Concept and Measurement of the Food System Sustainability: A Bibliometric Research

Abstract.

In view of climate change and population growth, making food system sustainable is a global concern. A lot of policies regulate this issue, but recent data show that global (and national) food systems are still far from the sustainability. Improvement of existing policies in the field of food system regulation requires a clear understanding of the food system sustainability concept itself: specification of its traits, attributes, measurement indicators, and goals. These issues are reflected in a lot of research papers, but none of these articles summarise the major trends, content, and features of the food system sustainability concept’s evolution. This study for the first time summarises history and contents of research in the field of concept and measurement of food system sustainability through bibliometric analysis of Scopus indexed papers for 1991-2022. The growth of scientific interest in this area, led by researchers from the USA, Italy, and France, was found to be wave-like with peaks following the global food crises appearance patterns. The results of this study show that modern perception of the concept (since 2018) is complicated and intertwined in the notions of systems and system thinking, sustainability, and life cycle assessment, contrasting to the previous views (1991-2018) focused on food production system and food security. In general, a little attention is given to social and economic aspects of food system sustainability, in contrast to environmental, food, and agri-food issues. The elaboration of one-size-fits-all policy and solutions favouring food systems sustainability is suggested to be unlikely due to the complexity of the concept's perception. Governance of food system sustainability should go in line with concrete institutional, economic, social, and natural environments that need to be comprehensively studied in a future. Studies from developing countries are of special interest in this context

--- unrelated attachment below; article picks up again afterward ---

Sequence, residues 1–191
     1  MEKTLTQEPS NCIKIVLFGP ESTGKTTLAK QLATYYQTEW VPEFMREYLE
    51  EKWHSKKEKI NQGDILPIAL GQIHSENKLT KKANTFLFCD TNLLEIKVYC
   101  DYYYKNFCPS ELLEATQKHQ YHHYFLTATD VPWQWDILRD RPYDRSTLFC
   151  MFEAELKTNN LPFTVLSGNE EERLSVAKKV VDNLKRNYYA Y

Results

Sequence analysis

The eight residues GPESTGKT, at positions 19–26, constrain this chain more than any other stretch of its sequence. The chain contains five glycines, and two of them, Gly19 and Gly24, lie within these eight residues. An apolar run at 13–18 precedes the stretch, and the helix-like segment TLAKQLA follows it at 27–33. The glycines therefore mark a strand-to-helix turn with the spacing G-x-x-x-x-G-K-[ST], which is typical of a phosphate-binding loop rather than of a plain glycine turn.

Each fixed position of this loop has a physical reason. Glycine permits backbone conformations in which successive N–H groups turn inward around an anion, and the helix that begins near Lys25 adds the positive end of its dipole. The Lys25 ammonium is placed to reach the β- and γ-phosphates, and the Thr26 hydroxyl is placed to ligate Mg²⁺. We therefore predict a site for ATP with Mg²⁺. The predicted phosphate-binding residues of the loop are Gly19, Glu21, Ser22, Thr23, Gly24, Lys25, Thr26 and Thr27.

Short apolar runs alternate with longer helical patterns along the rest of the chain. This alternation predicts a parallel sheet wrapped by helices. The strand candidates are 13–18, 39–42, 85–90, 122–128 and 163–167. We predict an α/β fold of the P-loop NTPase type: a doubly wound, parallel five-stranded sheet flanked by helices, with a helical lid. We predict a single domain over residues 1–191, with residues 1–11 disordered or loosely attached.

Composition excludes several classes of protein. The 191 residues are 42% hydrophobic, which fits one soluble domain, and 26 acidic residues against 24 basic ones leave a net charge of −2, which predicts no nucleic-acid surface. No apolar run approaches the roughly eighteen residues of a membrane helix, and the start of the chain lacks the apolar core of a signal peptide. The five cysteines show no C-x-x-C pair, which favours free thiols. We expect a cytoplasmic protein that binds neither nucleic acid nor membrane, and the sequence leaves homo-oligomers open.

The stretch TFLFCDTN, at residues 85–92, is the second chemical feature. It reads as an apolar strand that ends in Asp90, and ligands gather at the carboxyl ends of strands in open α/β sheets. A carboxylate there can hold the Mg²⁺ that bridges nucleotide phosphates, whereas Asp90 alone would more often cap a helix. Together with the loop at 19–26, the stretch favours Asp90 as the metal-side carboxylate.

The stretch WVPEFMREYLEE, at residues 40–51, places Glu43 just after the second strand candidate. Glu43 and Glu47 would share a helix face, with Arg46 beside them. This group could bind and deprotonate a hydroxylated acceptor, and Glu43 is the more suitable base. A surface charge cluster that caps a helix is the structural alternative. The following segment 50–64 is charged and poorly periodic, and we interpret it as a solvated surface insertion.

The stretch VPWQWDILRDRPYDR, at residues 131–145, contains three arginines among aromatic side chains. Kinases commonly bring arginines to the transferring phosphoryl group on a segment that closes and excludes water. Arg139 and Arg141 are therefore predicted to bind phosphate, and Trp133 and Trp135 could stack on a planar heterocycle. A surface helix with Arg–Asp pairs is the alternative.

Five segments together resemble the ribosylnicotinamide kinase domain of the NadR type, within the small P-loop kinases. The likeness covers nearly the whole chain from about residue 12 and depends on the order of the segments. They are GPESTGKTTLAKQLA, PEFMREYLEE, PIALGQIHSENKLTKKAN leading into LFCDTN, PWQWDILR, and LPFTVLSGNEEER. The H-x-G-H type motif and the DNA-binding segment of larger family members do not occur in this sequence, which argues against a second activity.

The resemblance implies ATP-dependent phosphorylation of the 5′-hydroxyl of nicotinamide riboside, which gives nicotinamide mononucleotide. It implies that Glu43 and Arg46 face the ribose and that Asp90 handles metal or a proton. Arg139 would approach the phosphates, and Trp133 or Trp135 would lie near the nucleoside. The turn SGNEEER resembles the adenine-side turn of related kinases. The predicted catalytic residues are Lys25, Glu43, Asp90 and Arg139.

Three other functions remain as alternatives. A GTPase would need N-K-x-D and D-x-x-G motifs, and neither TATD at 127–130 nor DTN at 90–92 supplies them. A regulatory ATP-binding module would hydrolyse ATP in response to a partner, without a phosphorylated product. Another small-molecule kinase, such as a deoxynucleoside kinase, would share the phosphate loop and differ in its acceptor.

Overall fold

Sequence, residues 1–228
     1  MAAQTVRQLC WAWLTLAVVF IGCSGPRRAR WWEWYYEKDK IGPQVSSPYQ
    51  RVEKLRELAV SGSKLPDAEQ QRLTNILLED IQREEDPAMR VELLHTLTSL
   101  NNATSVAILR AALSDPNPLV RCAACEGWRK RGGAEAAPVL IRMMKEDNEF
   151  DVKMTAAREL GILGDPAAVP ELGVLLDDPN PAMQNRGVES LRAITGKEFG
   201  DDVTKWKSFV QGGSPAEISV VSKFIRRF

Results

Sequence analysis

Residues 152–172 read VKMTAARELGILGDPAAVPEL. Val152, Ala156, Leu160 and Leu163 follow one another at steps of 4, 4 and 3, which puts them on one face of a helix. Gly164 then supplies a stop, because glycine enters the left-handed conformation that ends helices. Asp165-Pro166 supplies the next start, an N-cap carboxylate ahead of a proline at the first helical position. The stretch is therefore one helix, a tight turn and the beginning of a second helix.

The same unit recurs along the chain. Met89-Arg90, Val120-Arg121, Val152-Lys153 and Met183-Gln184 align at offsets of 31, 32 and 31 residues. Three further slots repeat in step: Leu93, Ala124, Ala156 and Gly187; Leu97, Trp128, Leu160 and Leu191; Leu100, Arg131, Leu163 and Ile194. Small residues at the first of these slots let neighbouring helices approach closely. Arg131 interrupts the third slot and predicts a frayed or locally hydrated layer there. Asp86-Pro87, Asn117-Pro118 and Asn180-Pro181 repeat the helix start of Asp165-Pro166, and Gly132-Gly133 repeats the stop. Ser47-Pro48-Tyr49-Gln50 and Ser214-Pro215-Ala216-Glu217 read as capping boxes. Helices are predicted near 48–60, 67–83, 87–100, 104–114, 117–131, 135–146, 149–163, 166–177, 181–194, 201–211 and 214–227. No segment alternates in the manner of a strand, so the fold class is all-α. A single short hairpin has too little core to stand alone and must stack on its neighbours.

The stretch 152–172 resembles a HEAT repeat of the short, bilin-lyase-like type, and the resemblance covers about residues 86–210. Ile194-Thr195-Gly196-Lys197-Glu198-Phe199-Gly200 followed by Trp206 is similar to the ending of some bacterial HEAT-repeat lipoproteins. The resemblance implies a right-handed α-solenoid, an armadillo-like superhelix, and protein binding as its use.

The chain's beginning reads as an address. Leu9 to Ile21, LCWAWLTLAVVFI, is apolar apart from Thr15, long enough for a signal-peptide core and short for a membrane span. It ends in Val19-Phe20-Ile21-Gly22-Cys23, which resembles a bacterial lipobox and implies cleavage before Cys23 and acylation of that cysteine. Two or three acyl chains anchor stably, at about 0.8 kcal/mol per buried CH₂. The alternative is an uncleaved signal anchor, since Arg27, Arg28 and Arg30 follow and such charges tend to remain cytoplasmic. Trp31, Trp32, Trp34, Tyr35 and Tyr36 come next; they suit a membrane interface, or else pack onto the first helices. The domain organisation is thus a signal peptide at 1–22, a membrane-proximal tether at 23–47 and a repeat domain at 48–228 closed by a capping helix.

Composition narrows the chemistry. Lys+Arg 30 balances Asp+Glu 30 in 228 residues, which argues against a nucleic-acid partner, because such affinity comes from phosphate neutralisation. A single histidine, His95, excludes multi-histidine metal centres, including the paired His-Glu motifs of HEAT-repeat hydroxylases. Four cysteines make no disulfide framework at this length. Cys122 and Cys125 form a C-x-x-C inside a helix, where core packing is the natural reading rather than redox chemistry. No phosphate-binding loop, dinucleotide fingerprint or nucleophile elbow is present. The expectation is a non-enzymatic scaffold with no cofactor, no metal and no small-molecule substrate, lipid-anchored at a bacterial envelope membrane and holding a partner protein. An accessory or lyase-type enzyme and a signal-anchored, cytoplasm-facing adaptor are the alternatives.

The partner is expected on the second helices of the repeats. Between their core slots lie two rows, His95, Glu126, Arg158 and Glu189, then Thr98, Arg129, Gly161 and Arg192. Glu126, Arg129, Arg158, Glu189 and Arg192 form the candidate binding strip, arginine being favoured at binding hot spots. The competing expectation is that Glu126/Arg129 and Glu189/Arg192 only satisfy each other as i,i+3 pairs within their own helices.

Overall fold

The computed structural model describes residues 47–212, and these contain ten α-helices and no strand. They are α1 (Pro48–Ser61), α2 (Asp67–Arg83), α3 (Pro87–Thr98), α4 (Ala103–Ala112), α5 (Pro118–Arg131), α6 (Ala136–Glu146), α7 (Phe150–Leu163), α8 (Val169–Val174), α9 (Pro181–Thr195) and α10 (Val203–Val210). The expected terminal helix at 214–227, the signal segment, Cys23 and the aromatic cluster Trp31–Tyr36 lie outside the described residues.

Keywords: sustainable food, concept evolution, assessment, bibliometrix, biblioshiny

https://doi.org/10.48077/scihor.25(1).2022.104-119